I was commissioned to create a statue of Eric Liddell for the foyer of the planned Eric Liddell Sports Centre, which was to be constructed in the grounds of Eltham College. It seemed I was in the right place at the right time. I was Artist in Residence at Eltham College, the school which Eric had attended in 1908 as the son of a missionary. It felt wonderful to walk in the beautiful grounds of the school knowing that Eric too had walked there, and to retreat to an intimate attic studio in the Headmaster’s garden to study and ponder on the qualities of this unique man. I felt privileged, not just to be working in that space, but to have been entrusted to honour such an inspirational soul.
The more I read and studied about him, the more I realised that his courage was exceptional; not least in the manner of his running. It is well known that he presented a uniquely strange image of surrender as he approached the final 30 metres of the race. I knew that this was the moment I needed to try to capture, so I asked one of the young sportsmen in the 6th form to model for me. His first task was to run at full pelt across the playing field, and in the last stretch of this sprint to throw his head back in the manner of Eric. Witnessing this I remember my heart catching in my mouth. The youth told me it was a truly terrifying sensation, to suddenly have lost sight of your goal but yet to believe and trust that you would be taken there. In my heart the vision I had then was that Eric was striving, as a Christian, to reach the ultimate goal, to surrender himself body and soul to God. There was for me in his physical gesture of throwing his head back and reaching his arm upwards in an evangelistic ecstasy of surrender, an echo of Christ.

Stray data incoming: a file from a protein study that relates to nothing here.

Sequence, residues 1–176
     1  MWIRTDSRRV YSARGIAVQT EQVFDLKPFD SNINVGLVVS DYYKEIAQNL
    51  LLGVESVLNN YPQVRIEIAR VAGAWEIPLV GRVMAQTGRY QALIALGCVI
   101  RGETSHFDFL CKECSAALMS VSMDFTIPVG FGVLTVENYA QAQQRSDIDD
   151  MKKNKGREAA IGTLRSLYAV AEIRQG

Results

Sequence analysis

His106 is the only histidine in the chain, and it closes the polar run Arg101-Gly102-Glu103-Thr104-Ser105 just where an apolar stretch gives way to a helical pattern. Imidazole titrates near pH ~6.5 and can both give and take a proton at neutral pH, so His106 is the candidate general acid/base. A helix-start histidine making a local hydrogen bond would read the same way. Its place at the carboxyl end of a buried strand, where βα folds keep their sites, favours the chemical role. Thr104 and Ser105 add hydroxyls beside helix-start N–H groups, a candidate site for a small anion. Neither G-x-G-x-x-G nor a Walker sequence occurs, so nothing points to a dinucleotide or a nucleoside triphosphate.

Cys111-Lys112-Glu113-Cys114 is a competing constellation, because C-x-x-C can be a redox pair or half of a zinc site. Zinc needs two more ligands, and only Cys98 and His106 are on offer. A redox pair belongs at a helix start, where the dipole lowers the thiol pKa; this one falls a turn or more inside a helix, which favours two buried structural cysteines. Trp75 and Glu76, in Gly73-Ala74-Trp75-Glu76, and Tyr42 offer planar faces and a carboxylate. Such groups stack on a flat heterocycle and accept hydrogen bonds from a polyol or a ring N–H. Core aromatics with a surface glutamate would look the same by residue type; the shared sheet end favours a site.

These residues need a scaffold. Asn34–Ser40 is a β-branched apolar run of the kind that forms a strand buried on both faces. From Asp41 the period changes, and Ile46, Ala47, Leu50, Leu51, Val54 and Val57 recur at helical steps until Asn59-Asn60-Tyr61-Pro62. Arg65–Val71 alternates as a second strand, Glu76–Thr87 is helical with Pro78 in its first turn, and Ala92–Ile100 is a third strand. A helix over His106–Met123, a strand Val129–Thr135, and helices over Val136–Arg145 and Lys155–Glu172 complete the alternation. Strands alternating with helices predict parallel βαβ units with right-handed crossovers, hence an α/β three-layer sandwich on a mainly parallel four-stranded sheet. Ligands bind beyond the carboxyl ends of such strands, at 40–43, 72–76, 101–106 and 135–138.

He had become at that moment the nickname given to him by the press, “The Flying Scotsman.”